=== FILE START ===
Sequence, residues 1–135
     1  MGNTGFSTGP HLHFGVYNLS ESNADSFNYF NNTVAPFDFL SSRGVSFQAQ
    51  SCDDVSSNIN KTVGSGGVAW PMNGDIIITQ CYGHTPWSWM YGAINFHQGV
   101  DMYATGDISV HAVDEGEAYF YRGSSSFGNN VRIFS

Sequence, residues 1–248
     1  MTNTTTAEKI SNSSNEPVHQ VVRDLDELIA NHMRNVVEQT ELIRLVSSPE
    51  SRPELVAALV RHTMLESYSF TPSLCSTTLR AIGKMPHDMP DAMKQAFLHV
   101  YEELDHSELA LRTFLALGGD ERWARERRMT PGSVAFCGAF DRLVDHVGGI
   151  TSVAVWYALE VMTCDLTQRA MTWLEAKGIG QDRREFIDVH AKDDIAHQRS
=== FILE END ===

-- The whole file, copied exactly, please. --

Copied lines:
Sequence, residues 1–135
     1  MGNTGFSTGP HLHFGVYNLS ESNADSFNYF NNTVAPFDFL SSRGVSFQAQ
    51  SCDDVSSNIN KTVGSGGVAW PMNGDIIITQ CYGHTPWSWM YGAINFHQGV
   101  DMYATGDISV HAVDEGEAYF YRGSSSFGNN VRIFS

Sequence, residues 1–248
     1  MTNTTTAEKI SNSSNEPVHQ VVRDLDELIA NHMRNVVEQT ELIRLVSSPE
    51  SRPELVAALV RHTMLESYSF TPSLCSTTLR AIGKMPHDMP DAMKQAFLHV
   101  YEELDHSELA LRTFLALGGD ERWARERRMT PGSVAFCGAF DRLVDHVGGI
   151  TSVAVWYALE VMTCDLTQRA MTWLEAKGIG QDRREFIDVH AKDDIAHQRS